Mastenbrook, after his 1971 paper, followed water content of the stratosphere over Washington DC and was ready to report again on his findings in 1983. From 1964 to 1972/1973 the rise in water content continued as in his 1971 paper. From 1972/1973 to 1982 water content fell back to 2 g of water vapor per kg of air! Hey, it looks like the it-must-be-due-to-global-warming water vapor in the stratosphere exhibits very large, decade scale variations: up and down. The recent report from Boulder by S. J. Oltmans indicates that from 1983 to the present, the water vapor content again was on the increase. Hooking this to global warming at this early date is a real reach but it sells copy. Back in 1983 when greenhouse warming was not the cause of everything, here is how it was reported: the variation in water vapor in the stratosphere was "similar" to the long-term trend in ozone concentration and suggested that "these changes arise from long-term changes in the intensity of the circulation." Since Oltmans wrote the 1983 paper with Mastenbrook, he has apparently changed his mind on the cause of the water vapor variations. Now, one should not get me wrong. Water vapor is the Earth's primo greenhouse gas. It is important stuff. CO2 is a piker by comparisons. Put more water into the stratosphere, top to bottom, and it should retard the progress of earth-light on its way out to space and perhaps warm (limit cooling due to outgoing earthlight) the stratosphere more than otherwise. Well, the Stratosphere, if anything, has cooled a bit in the 1980s. Global warming is indeed a gold mine and claim jumping is great fun at half-the-work but that is how the blame game works.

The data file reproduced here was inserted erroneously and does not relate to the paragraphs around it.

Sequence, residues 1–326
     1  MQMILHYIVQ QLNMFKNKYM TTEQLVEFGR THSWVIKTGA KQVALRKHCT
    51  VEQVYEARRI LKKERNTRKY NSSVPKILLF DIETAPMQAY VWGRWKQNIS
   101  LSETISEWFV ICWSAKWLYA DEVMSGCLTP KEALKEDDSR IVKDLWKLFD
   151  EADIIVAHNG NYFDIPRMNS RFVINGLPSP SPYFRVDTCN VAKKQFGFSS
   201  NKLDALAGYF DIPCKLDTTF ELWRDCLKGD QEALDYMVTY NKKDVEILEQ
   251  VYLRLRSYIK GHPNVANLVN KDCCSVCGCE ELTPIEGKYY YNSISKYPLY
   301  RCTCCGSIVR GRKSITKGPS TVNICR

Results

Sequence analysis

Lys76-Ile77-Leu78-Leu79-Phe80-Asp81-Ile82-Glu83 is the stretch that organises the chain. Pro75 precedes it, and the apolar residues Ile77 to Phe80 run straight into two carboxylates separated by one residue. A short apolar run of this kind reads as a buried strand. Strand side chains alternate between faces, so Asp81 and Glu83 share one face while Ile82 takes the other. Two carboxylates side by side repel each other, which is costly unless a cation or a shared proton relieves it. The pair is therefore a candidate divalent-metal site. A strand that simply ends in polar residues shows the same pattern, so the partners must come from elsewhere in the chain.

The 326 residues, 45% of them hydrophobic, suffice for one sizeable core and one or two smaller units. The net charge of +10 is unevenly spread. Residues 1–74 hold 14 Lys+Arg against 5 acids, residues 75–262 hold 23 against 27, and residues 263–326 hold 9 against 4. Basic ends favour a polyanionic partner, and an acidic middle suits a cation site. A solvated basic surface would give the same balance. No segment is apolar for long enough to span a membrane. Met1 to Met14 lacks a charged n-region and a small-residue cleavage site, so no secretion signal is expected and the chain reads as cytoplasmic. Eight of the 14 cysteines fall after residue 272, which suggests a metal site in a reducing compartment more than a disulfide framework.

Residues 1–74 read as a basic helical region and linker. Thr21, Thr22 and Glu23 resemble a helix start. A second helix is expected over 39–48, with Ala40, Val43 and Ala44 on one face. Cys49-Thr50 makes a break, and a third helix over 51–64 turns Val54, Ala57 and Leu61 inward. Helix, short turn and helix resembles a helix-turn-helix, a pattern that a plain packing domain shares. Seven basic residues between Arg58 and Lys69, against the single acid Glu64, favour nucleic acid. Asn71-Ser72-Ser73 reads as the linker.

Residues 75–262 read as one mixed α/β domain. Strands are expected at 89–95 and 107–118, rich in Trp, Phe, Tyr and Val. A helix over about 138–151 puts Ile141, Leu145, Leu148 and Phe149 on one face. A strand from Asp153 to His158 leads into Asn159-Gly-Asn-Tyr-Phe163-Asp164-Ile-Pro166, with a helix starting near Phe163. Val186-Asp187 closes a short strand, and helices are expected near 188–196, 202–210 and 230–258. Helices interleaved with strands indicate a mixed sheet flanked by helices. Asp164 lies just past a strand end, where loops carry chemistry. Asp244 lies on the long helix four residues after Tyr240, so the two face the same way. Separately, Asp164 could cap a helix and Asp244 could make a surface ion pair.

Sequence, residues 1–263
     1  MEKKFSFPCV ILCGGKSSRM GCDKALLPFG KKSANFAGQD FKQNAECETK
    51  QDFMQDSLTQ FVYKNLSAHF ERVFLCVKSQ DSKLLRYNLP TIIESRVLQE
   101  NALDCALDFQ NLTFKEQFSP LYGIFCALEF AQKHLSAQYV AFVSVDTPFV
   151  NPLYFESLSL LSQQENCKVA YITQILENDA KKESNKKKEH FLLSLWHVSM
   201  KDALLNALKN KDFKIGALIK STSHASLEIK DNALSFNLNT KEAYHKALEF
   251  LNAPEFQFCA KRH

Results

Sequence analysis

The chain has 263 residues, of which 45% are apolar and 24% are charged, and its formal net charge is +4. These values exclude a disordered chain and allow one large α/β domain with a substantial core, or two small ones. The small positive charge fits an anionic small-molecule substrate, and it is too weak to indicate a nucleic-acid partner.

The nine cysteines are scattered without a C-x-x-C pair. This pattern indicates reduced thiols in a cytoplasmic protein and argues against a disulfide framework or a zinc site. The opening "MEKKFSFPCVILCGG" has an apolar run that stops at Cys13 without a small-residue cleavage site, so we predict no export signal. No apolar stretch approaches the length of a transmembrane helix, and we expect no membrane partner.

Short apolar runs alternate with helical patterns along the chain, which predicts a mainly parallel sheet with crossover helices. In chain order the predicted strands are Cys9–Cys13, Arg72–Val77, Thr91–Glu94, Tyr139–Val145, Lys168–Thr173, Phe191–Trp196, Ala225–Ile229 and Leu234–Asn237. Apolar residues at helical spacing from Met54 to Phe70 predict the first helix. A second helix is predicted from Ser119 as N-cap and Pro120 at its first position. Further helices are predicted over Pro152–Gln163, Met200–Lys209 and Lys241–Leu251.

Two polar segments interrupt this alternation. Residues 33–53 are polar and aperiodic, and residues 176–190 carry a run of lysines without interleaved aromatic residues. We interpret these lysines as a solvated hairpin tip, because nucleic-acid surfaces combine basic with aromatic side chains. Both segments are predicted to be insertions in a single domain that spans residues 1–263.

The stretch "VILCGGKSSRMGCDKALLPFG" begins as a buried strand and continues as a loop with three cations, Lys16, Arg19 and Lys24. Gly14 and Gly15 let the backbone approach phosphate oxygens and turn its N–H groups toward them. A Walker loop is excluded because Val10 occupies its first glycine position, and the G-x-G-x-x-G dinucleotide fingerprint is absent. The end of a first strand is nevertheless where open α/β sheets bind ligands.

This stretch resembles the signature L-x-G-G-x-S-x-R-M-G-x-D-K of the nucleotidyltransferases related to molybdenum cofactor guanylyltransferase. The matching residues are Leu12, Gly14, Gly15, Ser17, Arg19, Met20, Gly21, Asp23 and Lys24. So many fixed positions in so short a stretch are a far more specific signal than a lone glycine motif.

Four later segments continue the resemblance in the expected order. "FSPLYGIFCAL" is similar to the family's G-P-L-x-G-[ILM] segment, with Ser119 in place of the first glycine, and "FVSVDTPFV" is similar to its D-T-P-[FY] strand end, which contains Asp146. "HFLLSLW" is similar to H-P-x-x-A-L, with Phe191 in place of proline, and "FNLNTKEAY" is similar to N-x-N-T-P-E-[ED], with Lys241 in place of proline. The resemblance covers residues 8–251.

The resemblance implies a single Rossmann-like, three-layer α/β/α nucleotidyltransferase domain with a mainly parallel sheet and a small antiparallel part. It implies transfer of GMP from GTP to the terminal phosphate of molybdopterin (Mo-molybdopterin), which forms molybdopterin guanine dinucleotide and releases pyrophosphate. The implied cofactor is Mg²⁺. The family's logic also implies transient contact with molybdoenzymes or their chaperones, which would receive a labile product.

Hugh Ellsaesser wrote a very nice summary paper titled Stratospheric Water Vapor in J.G.R 88(C6)3897-3906. Hugh indicates that the rise in 1960s water vapor may have begun as far back as 1954 with a very low value of 1.8 g of water vapor per kg of air. Values this low were also reported in the early 1940s by the Royal Air force as it carried frost-point hygrometers with them into the lower stratosphere. The early 1970s values were around 3 g of water vapor per kg of air are then really a big negative change just happened. Hugh's little paper also reveals the mechanism for getting water vapor into the stratosphere and getting it out again. This is the "fountain theory." The great atmospheric convection over the Indonesian maritime continent (part of the El Nino action) "injects" water vapor into the tropical stratosphere. At -80 C and assuming the injection air is saturated, then the air should be injected with about 3 g of water vapor per kg of air. The loss area is in the Polar Regions where the stratospheric air is "downwelled" toward the surface. It is possible that the stratospheric water vapor rise in the post 1982 period may be associated with the great El Nino of 1983 and the very great Indonesian convection the accompanied it. That is the Hayden Theory and the kind of hypothesis for which we have only an N=3D1 basis. I think it is one of the first times I have even hinted at much less blamed anything on the El Nino.

Photo: NOAA


Theme by Danetsoft and Danang Probo Sayekti inspired by Maksimer